I had no idea what to expect. She had verified the reservation and informed me that it was a Michelin two star restaurant. The taxi got us to the restaurant just in time for our reservation. The entrance to the hotel was not impressive. But, stepping through the door was like stepping into another world. It was an elegant and secluded escape from the world. Almost like stepping into another time. As soon as it was clear that we had reservations, we were accompanied to the door of the restaurant pictured above. Just taking in the room before me made me wonder and anticipate the kind of meal we were going to have.

We were ushered to the table and my daughter immediately got a flute of champagne as a greeting. She got the menu with the prices and said to order what I wanted. My menu had no prices. I am allergic to crustaceans and quickly eliminated any dishes with shrimp, crabs, lobster or prawns. After ordering, we had a little time to look around the room. I noticed there were many empty tables and Char had a hard time getting a reservation. I am always curious so I asked the waiter when he came back. There was only one seating per evening and the diners arrived at twenty minute intervals. The service was a smooth and well ordered operation.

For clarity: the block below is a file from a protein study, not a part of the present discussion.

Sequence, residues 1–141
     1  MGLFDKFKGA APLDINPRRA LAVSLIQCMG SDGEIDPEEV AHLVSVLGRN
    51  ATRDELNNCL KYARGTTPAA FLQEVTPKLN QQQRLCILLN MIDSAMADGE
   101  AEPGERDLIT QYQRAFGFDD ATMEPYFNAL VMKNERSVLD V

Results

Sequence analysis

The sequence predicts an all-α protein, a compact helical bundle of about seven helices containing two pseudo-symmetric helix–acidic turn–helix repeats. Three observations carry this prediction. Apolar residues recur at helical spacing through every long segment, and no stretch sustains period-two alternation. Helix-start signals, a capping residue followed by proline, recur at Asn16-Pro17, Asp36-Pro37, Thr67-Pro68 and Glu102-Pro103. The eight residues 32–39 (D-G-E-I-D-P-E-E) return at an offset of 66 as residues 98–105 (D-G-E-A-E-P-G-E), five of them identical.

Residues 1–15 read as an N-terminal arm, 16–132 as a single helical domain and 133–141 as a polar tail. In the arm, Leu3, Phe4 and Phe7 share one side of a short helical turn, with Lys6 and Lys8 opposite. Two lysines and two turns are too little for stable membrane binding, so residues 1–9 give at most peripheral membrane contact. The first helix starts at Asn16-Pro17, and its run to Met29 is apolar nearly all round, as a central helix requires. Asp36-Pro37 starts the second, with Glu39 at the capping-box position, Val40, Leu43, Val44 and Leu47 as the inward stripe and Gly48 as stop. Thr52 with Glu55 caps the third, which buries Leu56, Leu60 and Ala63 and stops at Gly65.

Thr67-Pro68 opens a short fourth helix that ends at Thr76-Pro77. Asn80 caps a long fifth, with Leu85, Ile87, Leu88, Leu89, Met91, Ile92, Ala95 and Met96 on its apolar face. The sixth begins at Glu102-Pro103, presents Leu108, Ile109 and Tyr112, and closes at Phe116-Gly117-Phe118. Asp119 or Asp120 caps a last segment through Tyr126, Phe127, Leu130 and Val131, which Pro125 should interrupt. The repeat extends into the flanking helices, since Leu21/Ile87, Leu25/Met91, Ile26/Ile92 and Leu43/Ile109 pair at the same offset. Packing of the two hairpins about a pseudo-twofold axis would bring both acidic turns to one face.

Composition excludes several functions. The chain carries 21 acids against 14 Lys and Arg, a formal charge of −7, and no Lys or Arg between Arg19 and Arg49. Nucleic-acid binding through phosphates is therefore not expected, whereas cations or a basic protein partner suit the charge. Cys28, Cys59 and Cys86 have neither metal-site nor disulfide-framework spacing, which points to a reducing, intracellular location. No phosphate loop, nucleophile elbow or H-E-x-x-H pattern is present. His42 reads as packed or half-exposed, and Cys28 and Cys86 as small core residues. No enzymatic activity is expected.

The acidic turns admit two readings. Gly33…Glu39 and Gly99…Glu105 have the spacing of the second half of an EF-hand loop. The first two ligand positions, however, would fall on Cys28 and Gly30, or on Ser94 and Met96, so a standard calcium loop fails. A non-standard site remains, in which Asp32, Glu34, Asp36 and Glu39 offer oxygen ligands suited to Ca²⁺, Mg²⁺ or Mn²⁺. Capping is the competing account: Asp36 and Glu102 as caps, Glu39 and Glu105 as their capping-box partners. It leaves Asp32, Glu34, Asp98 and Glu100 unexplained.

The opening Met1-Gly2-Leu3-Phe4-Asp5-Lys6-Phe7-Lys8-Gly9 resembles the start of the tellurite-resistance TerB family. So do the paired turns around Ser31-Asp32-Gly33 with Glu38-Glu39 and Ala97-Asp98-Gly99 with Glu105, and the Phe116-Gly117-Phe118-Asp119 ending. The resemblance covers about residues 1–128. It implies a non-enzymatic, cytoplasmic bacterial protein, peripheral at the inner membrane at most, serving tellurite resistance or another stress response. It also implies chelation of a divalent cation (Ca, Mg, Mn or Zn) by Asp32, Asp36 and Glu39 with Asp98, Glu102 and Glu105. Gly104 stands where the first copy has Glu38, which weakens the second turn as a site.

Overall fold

My appetizer was carpaccio in a vinaigrette. The meat was tender and the vinaigrette was just the right acid counterpoint to the sweet saltness of the beef. My water glass was being refilled before I ever had a chance to empty it. Right after the plates were removed, a little glass of a celery drink arrived. We got an amuse bouche between each course. We had several people attending to our table.

The table next to us finally had their diners arrive. Two men walked in and one had a small Cairn terrier under his arm. I am fine with dogs in restaurants although it is not allowed in the United States. After the diners were seated, one of the waiters brought a silver bowl on a silver platter. When he arrived at the table next to us, he carefully lifted the bowl of water off the platter and served it to the thirsty dog. I just had to laugh.

My daughter had told me the ceiling of the restaurant had been designed by Eiffel. It was so gorgeous that my eyes were drawn to it time and time again.

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I had ordered a pigeon dish for the main course. Many of the selections had a shellfish component. The waiter assured me that they were country pigeons and their feet had never touched concrete. It was served in a wine reduction with broccoli. And, it could not have been better. And another amuse bouche before the cheese board.